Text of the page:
Thursday, July 7, 2016

When evidence is too good to be true reported this in January:
Under ancient Jewish law, if a suspect on trial was unanimously found guilty by all judges, then the suspect was acquitted. This reasoning sounds counterintuitive, but the legislators of the time had noticed that unanimous agreement often indicates the presence of systemic error in the judicial process, even if the exact nature of the error is yet to be discovered. They intuitively reasoned that when something seems too good to be true, most likely a mistake was made.

In a new paper to be published in The Proceedings of The Royal Society A, a team of researchers, Lachlan J. Gunn, et al., from Australia and France has further investigated this idea, which they call the "paradox of unanimity."

"If many independent witnesses unanimously testify to the identity of a suspect of a crime, we assume they cannot all be wrong," coauthor Derek Abbott, a physicist and electronic engineer at The University of Adelaide, Australia, told "Unanimity is often assumed to be reliable. However, it turns out that the probability of a large number of people all agreeing is small, so our confidence in unanimity is ill-founded. This 'paradox of unanimity' shows that often we are far less certain than we think."

The researchers demonstrated the paradox in the case of a modern-day police line-up, in which witnesses try to identify the suspect out of a line-up of several people. The researchers showed that, as the group of unanimously agreeing witnesses increases, the chance of them being correct decreases until it is no better than a random guess.

This is an important point, and a paradox. If someone tells you that scientists are unanimous about global warming, vaccine policy, cosmic inflation, or Donald Trump, you should be suspicious.

Of course the textbooks are unanimous on many things, such as energy conservation. So we should not reject all that textbook knowledge. But most of those things only got into the textbooks after some healthy debate about the pros and cons.


  1. Just look at how much "cosmic inflation" has hit the housing market (prices up 40%, payments up 20%) while homeownership is at 48-year lows, even though jobs growth improved. They still keep printing and no historical or contemporary evidence supports their theories about a constant need for exponential 2% inflation. Economic historians even found that inflation was more associated with depression. The BOJ, BOC, BOE and Fed are unanimous while trade volumes and global growth have stagnated for a decade according to the World Bank and IMF. Meanwhile, the S&P is trading at 24x and China is building ghost cities. Banks have merged to become larger than ever and half of the community banks have closed up. The Fed loves understated measures like PCE and even the CPI has no basis in rational analysis. Post-Volker CPI included “substitution effects,” which measures relative rather than absolute inflation and is based upon questionable knowledge of demand elasticity, which presents a basic normalization problem. In addition, "hedonic adjustments" for quality are not performed with a Von Neumann-Morganstern preference lottery. True innovation reduces prices but only masks inflation. They also use a completely idiotic non-market rent measurement called OER and an inaccurate and underweighted health care component. David Stockman's Flyover CPI shows inflation at over 3% per annum. Even the empirical literature on multipliers have refuting anything over 1. John Nash couldn't even get them to talk about the flaws in their monetary theories. Policy makers are in a bubble.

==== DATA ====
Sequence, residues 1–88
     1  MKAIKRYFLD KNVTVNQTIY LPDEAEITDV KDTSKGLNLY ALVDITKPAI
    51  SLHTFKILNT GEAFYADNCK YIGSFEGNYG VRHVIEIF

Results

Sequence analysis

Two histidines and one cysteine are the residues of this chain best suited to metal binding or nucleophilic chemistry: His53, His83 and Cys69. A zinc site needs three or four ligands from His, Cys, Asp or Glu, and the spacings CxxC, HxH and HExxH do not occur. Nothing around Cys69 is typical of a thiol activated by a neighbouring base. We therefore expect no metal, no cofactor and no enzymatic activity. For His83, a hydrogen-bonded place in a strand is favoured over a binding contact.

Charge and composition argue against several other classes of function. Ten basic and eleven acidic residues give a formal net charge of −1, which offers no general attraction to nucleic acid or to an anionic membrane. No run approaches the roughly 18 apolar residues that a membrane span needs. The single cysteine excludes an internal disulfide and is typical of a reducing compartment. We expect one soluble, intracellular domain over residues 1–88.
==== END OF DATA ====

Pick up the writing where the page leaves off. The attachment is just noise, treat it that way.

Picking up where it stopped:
1. Hi! has been removed for some reasons...
      Where are you now?
      And all this content of yours?

  2. I had the misfortune to work in a credit union for over eleven years over three refinance booms. Every lending rule was pretty much bent and broken over and over again to the point no one was taking PMI, Equity down, past credit history, bankruptcies, or federal lending rules seriously.
    President Bill Clinton wanted everyone to get into a house because he sumised that responsible people had homes, so getting a home would make one responsible by his logic. All it did was prove that lending rules are there for a reason, and that government subsidized lending is a disaster to honest market valuations of anything.